• I am not the idealist or visionary to think of inserting cycling lanes on Singapore roads. But how about cycling lanes in the very wide and frequently used roads for cycling such as Changi Coastal Road or Thomson Road, that is not too demanding? Are there not accidents at Changi Coastal Road?

  • Use such a proposal to find out who can and will do things, or who won't. Personal networking is very important. To get hints about timing to pitch, people to avoid and others to hunt down!

  • The cyclistπs image is bad in places like pavements in Punggol; mountain biking in some parts - exclusive or inconsiderate. Embrace a code of conduct. E.g. On pavements, park connectors, anywhere, the cyclists should give way to the pedestrian - and this also means not alarming them by loud warnings from behind. Race management must be done effectively yet politely so we do not antagonise others. Bikers should be more considerate when they go offroad. I see some sensible suggestions on Togoparts recently about riding safely.

  • We need bike clinics about traffic riding. That SMURFS group did a great job for introductory mountain biking. We need one for riding with traffic, as opposed to mountain biking, road riding and urban cycling. These are terms I use to differentiate the classes of cycling because they require different approaches and techniques; there may be proper names for these. For traffic riding, I still profit from my compulsory motorbike lessons for Class 2B and Highway Code taken some 16 years ago! You need to adapt those for bicycling. Even so-called experienced riders can profit from this from my observations.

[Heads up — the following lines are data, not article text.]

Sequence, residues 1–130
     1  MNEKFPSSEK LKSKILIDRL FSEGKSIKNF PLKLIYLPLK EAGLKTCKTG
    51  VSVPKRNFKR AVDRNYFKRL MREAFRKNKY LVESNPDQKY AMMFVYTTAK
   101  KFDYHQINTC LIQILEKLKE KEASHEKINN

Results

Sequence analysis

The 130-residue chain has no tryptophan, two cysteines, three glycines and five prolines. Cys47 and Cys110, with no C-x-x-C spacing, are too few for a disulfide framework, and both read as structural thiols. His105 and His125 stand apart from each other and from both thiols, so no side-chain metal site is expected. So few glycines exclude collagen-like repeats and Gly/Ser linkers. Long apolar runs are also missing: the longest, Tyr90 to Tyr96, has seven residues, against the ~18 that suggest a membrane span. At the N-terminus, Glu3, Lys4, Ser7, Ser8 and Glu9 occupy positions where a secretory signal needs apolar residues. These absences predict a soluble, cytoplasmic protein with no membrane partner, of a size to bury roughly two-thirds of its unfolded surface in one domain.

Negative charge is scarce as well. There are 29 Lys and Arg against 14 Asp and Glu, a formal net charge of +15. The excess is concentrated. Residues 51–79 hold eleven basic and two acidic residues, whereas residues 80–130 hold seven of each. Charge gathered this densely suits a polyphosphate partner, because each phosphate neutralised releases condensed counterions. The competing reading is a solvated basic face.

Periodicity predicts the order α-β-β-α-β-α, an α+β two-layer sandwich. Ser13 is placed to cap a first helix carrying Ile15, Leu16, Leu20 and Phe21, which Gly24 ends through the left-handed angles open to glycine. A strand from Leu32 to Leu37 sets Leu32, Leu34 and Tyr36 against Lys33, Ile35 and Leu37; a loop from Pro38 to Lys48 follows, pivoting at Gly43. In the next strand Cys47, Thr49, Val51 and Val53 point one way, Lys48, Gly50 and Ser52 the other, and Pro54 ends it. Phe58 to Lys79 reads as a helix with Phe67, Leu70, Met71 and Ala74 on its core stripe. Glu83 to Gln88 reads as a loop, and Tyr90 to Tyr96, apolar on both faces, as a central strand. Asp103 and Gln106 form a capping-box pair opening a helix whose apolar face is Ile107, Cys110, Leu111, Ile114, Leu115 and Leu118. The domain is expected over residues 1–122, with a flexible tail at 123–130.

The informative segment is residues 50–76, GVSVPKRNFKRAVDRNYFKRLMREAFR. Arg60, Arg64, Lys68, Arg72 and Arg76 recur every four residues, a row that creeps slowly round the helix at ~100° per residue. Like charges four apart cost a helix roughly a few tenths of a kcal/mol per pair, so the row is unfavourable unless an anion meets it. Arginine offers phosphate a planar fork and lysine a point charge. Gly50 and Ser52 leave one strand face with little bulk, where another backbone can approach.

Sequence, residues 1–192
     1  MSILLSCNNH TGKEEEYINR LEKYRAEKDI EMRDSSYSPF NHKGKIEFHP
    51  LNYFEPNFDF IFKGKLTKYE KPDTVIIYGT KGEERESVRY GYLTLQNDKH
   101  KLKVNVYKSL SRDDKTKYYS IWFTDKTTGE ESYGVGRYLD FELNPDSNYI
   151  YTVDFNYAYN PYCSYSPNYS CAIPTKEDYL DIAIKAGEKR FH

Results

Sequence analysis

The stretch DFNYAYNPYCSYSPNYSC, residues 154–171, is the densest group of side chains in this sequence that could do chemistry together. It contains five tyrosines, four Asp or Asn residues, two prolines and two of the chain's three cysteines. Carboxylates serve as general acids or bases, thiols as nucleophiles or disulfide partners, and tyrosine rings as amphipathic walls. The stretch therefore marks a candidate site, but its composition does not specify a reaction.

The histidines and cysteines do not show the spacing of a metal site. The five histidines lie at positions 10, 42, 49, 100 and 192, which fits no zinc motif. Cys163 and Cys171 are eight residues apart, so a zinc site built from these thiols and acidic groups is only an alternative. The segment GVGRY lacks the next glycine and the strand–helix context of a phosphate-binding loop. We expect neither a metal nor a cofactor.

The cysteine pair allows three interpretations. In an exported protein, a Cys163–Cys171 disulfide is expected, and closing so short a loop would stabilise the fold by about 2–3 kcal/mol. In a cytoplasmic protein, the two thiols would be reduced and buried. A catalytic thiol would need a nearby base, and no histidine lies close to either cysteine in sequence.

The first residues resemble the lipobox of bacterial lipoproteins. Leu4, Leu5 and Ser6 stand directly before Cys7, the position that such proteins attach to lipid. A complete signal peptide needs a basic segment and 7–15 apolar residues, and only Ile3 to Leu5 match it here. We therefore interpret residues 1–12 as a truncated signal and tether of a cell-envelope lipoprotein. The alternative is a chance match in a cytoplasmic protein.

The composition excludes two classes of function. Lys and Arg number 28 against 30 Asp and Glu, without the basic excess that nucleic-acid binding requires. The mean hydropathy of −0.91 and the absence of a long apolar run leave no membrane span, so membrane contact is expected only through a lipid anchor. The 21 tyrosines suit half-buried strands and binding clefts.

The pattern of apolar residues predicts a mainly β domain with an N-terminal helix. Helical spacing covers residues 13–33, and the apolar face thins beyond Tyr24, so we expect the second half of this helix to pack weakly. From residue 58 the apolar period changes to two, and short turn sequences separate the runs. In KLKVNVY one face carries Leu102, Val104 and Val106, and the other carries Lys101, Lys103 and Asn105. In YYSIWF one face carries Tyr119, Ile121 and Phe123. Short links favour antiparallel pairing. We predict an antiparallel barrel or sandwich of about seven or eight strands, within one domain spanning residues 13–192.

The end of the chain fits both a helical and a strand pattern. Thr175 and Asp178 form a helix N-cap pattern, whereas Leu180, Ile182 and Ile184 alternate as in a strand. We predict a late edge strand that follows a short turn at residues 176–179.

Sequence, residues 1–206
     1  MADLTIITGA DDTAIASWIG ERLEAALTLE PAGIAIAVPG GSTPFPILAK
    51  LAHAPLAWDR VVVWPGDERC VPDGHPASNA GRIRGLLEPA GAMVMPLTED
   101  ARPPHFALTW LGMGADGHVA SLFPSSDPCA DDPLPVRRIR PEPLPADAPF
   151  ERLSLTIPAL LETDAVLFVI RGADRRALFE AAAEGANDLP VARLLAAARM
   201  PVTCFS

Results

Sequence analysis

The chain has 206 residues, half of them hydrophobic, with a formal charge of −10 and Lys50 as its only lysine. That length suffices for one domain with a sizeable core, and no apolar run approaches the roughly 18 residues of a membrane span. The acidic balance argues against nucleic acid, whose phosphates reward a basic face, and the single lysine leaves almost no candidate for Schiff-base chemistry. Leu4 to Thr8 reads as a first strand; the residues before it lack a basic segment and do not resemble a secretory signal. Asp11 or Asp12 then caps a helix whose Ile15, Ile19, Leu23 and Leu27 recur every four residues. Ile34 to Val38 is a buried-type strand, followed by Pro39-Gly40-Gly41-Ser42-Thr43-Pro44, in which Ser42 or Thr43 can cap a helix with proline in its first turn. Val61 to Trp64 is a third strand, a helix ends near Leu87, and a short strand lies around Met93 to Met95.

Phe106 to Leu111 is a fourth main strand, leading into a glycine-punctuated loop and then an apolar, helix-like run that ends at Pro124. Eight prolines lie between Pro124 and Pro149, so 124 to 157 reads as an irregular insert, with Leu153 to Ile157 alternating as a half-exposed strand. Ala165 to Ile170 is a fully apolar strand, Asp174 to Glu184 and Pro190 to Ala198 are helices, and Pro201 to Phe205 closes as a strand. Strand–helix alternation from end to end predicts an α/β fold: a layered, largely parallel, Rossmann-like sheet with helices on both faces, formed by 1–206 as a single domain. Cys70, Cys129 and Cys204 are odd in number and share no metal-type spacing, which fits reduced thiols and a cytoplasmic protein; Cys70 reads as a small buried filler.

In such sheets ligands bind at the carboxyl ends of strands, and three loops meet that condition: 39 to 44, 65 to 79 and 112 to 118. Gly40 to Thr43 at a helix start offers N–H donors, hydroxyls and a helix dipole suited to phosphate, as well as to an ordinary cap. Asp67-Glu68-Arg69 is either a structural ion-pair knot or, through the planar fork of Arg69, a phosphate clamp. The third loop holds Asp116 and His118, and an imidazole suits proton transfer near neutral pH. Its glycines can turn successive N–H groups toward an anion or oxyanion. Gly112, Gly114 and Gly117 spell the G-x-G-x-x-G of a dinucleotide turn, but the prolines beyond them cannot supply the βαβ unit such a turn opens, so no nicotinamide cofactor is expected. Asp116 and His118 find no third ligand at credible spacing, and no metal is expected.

• If we don't care about others, should they care about us? It is easy to dismiss the needs of an unpopular group. How many are even thankful for mass rides organised for them like Leisure Cycling and Runway Cycling! A code of conduct might serve to build up an awareness of what is "not cool" to do. The inconsiderate cyclist is bringing disrepute to every other cyclist and closing the minds of the necessary people. Not everyone is objective enough to see past an unpleasant incident.